Councillors have voted to spend $1.6 million to put two-way bicycle lanes on Cannon Street, but some of them still have reservations.

The city’s general issues committee voted Wednesday to go ahead with the lanes from Sherman to Hess, which will be separated from traffic with a slender windrow.

Some councillors still had issues, namely the fact that there wasn’t more public engagement.

The citizen group Yes We Cannon consulted neighbourhood groups and businesses while gathering 2,500 names on a pro-bike lane petition. Citizens also gave input during a study group to look at making Cannon Street two way.

But Coun. Brad Clark of Stoney Creek says the city should have done some too.

“I understand the haste. I understand the excitement,” he said. “I do not understand ever jettisoning citizen engagement.”

Coun. Jason Farr of Ward 2 gave an emotional plea in favour of moving ahead with the project, saying it had gotten plenty of input.

“This is not Wal-Mart,” he said during the four-hour discussion. “This is not the Stoney Creek Recreation Centre. This is a stretch along the south side of Cannon Street that as it relates to today sees no parking.”

Council voted last September to turn one lane of Cannon Street into bidirectional bike lanes. The cycling group pushed for Cannon street as an important east-west route across the centre of the city, one that allows cyclists an alternative to riding along Main or King Stretes. A new staff report says the city will spend $867,200 on capital costs to build the lanes. It will also spend $728,970 over three years to operate the lanes, including waste collection and snow removal.

The staff report, which the general issues committee will vote on Wednesday, estimates $598,000 to build the lanes. This includes a separator between car and bicycle traffic and traffic signals facing in both directions on the one-way street. The report builds in a 25-per cent contingency fund of $149,500.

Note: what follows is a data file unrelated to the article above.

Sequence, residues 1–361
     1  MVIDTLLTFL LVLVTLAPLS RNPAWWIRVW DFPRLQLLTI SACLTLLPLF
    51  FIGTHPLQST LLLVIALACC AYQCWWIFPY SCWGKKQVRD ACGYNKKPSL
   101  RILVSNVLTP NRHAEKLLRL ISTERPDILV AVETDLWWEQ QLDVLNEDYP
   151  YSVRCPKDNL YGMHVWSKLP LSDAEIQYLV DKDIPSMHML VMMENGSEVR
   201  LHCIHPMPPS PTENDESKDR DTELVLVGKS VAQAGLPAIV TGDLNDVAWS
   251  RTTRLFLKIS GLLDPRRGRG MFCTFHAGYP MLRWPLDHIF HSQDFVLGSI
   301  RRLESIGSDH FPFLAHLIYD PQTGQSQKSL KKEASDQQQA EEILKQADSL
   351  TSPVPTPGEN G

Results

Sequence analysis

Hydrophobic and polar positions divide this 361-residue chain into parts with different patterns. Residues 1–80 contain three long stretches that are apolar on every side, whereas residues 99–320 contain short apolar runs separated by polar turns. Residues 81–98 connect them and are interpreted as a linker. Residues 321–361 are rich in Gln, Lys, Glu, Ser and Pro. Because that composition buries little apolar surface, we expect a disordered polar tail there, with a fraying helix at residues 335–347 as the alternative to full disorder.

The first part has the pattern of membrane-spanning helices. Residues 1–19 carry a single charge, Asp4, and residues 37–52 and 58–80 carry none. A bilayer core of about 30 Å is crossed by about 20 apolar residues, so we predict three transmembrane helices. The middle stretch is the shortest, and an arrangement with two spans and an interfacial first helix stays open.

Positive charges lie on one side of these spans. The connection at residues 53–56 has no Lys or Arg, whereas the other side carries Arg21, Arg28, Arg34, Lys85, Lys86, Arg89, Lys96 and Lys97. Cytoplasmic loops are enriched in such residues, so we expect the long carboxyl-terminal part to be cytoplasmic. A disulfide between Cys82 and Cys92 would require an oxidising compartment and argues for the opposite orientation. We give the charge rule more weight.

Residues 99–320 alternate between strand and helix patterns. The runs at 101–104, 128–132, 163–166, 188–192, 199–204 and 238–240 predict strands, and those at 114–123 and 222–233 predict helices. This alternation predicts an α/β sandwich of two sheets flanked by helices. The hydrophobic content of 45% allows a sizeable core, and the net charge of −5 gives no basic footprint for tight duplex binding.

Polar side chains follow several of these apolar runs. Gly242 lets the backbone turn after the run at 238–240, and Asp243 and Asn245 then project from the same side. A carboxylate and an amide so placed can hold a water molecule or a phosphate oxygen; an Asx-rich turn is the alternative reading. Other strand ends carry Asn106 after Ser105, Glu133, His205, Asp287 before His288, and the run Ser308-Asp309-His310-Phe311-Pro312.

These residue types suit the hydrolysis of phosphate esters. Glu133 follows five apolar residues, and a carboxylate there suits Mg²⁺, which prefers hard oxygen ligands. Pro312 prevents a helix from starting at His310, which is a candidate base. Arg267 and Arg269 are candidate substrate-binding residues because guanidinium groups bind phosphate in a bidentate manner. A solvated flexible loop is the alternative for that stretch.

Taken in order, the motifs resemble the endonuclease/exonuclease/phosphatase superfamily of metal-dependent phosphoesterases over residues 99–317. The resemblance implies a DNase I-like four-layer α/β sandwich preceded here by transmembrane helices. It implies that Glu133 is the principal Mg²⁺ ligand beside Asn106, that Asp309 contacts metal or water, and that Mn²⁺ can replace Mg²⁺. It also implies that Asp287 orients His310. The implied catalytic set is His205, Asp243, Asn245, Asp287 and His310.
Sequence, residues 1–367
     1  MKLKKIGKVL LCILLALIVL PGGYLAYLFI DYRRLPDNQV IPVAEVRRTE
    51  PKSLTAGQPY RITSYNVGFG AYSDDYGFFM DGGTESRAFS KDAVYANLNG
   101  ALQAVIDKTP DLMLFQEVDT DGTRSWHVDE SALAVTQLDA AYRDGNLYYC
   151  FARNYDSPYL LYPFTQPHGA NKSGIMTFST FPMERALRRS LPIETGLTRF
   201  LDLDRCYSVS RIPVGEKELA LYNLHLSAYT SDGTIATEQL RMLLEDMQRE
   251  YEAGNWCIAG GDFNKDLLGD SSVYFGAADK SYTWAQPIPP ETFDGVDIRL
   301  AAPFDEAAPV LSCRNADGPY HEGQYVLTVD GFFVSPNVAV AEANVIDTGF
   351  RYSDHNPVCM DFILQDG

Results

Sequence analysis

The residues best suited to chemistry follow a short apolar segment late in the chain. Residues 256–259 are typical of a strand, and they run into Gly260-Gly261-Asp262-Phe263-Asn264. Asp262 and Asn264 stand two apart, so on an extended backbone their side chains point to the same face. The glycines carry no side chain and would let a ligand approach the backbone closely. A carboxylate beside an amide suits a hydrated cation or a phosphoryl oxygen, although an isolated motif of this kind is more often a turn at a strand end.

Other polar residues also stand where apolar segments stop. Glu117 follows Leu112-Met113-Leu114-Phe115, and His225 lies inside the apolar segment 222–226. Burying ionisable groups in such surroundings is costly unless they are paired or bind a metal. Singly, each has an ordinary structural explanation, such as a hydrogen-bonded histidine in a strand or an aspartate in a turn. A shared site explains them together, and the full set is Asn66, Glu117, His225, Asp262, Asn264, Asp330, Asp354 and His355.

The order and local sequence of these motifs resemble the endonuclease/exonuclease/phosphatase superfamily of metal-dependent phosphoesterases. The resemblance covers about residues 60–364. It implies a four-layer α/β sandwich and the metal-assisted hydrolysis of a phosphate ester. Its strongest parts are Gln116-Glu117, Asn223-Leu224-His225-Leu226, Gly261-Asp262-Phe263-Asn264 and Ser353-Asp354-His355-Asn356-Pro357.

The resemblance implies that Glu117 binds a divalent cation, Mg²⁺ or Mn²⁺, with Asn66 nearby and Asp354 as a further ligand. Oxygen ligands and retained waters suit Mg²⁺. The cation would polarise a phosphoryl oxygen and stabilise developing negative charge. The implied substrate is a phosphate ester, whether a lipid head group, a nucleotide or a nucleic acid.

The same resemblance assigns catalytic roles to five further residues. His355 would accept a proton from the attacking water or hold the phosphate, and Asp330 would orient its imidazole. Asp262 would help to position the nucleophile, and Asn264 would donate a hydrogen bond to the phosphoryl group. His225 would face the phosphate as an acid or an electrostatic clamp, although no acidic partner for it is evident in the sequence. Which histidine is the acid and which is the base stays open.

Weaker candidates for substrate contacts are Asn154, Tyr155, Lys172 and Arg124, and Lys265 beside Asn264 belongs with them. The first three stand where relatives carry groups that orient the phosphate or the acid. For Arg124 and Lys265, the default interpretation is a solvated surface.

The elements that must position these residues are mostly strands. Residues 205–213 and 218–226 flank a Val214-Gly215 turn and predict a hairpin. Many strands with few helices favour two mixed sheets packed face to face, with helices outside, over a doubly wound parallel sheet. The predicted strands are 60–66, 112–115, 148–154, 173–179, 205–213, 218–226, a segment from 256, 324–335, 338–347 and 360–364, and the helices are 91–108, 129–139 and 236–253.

Staff also estimate spending $242,990 per year — with a 10-per cent contingency fund — to operate the lanes.

The capital costs will come from Ward 2 and Ward 3 area rating budgets. Another $200,000 will come from a reserve set aside for red-light cameras.

The operating cost will come from a tax stabilization reserve in 2014 and become a general budget item in subsequent years.

Clark wasn’t alone in his concern over the need for more public engagement. Coun. Brenda Johnson of Ward 11 said the city should at least ask residents who live along the street.

“We could be missing something entirely, where if we knew it ahead of time, it wouldn’t have been a problem,” Johnson said.

Clark tried to include a 30-day public consultation period in the motion, but that failed in a 10-3 vote. The final vote to implement the bike lanes passed unanimously.

Council will vote to ratify the decision at a meeting on March 26.